Experts to conduct study to see how bad air can increase likelihood of Alzheimer’s, other brain diseases

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SALT LAKE CITY, Utah – A neuroscientist at the University of Utah is conducting a study that looks into how small bouts of air pollution can interfere with a person’s cognitive function and the development of degenerative brain diseases like Alzheimer's.

Dr. Dustin Hammers, a neuropsychologist at the U of U, says studies show the lungs and other vital organs become inflamed when a person is exposed to bad air.

“Air pollution leads to inflammation in the body – all throughout the body – and some of that inflammation may make its way to the brain and lead to some of the difficulties with processing information quickly,” he said.

The doctor believes there may be a direct link between the inflammation air pollution creates in the lungs and decreased cognitive function in the brain, specifically in older adults.

“This can be connected with nerve cell damage in the brain,” Hammers said. “That inflammation that happens in the body, happens in the brain, and that can damage cells and for older adults, may be playing a role speeding up the process of something like Alzheimer’s disease.”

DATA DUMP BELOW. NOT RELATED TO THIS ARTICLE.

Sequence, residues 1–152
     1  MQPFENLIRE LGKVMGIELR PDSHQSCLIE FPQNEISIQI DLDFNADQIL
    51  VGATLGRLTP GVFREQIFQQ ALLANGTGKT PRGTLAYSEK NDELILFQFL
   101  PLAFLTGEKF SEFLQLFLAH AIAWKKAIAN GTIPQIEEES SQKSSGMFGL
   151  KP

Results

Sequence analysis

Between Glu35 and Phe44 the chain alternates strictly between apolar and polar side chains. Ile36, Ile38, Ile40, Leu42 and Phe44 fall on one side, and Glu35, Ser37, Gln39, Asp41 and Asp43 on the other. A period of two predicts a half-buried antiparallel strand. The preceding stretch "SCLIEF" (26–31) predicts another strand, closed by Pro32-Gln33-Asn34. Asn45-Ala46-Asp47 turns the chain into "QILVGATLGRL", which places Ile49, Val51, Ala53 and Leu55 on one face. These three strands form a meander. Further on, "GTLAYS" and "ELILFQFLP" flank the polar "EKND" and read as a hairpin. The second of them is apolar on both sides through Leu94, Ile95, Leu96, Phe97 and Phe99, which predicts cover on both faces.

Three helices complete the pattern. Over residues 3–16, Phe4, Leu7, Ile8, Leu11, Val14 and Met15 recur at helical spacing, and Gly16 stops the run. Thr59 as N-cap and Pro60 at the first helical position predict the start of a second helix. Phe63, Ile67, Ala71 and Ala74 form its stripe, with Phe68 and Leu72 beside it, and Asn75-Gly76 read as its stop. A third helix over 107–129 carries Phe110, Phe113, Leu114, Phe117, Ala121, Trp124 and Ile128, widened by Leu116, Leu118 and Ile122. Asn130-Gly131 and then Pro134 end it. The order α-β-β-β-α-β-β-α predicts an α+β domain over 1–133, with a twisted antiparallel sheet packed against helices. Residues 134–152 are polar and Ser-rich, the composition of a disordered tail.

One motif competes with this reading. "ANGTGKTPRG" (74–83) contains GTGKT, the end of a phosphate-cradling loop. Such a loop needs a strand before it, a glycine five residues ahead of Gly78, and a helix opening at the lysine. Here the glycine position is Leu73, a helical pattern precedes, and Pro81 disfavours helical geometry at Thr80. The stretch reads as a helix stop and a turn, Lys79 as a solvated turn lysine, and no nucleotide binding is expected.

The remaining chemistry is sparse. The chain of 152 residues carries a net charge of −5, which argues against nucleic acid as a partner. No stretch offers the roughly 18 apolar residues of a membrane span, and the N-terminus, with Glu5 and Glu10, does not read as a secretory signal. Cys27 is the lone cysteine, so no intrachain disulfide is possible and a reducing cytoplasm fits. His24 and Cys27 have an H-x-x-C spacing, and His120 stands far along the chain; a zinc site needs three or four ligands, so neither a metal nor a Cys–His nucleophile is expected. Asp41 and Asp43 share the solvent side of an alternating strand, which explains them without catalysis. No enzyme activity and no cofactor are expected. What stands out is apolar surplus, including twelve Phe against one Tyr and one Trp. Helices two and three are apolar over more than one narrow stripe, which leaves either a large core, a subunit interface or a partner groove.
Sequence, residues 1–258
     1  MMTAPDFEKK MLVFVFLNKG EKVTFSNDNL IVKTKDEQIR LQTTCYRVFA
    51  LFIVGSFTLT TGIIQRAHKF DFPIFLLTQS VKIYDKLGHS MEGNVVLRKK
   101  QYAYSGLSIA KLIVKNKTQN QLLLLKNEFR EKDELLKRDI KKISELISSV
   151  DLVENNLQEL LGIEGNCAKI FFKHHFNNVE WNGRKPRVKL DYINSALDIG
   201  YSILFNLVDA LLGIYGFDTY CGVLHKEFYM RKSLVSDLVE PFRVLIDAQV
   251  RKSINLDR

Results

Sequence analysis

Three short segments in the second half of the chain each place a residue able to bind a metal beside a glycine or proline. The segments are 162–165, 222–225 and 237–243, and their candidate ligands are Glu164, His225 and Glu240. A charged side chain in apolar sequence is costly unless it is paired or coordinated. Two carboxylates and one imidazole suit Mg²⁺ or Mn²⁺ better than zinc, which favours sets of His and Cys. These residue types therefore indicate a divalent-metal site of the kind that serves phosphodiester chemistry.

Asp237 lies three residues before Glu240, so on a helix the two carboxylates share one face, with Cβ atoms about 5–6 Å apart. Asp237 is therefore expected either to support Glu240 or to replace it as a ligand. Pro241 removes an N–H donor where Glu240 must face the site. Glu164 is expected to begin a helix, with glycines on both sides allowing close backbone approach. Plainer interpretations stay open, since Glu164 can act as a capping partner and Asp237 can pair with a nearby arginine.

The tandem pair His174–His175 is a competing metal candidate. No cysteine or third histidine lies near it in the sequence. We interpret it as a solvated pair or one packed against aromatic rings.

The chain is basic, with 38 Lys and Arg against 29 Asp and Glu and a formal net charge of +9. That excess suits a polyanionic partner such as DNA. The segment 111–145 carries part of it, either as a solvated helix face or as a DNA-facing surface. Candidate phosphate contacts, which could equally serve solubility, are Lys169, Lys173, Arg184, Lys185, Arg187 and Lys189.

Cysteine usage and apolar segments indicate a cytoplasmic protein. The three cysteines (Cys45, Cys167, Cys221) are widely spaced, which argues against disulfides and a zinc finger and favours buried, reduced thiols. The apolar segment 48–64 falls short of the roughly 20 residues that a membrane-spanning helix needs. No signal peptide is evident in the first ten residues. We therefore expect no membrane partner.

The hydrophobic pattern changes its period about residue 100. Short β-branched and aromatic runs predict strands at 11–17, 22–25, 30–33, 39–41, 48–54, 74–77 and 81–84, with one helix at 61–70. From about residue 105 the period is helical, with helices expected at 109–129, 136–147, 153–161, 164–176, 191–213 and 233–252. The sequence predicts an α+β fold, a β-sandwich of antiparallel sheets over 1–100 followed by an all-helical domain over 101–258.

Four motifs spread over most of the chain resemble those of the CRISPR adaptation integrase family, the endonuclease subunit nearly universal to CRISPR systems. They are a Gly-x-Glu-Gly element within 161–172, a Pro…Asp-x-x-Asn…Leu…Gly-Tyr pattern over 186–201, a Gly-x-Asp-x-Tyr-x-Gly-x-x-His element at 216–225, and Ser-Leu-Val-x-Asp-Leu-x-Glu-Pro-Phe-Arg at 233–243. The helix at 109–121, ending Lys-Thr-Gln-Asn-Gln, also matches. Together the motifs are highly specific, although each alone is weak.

Hammers is conducting a study this year of 50 participants over the age of 65, living along the Wasatch Front, to see how their cognitive function is affected during bad air days in Utah.

Researchers will be taking blood tests to check for enzymes that point to inflammation in the body.

“These are folks who are going to be living in Utah, being out and about during our periods of inversion during the winter,” Hammers said. “[We’re] going to be assessing whether they’re seeing any differences in their cognitive abilities during the winter versus during the fall when the air quality is good.”

Dr. Brian Moench with Utah Physicians for a Healthy Environment says he believes the study is vital in the push for more legislation to regulate Utah’s bad air.

Moench said it should open more people’s eyes to the negative effects of air pollution on the body.

“We hope that our policy makers will pay some attention to this because what’s more important than our children’s ability to think? Our children’s intelligence? Their ability to perform in school?” Moench said.

There are currently 20 participants in the study.

Hammers says they are looking for 30 more. They are looking for Utah residents who are 65 years of age or older and living along the Wasatch Front. Anyone interested in participating can contact the University of Utah Alzheimer’s Center at 801-581-7863 or visit www.utahmemory.org.

1 Comment

  • bob

    And they WILL be eliminating every other possible effect of living in an urban area, right? Because I’d hate to think this “study” is being conducted by someone with an axe to grind.

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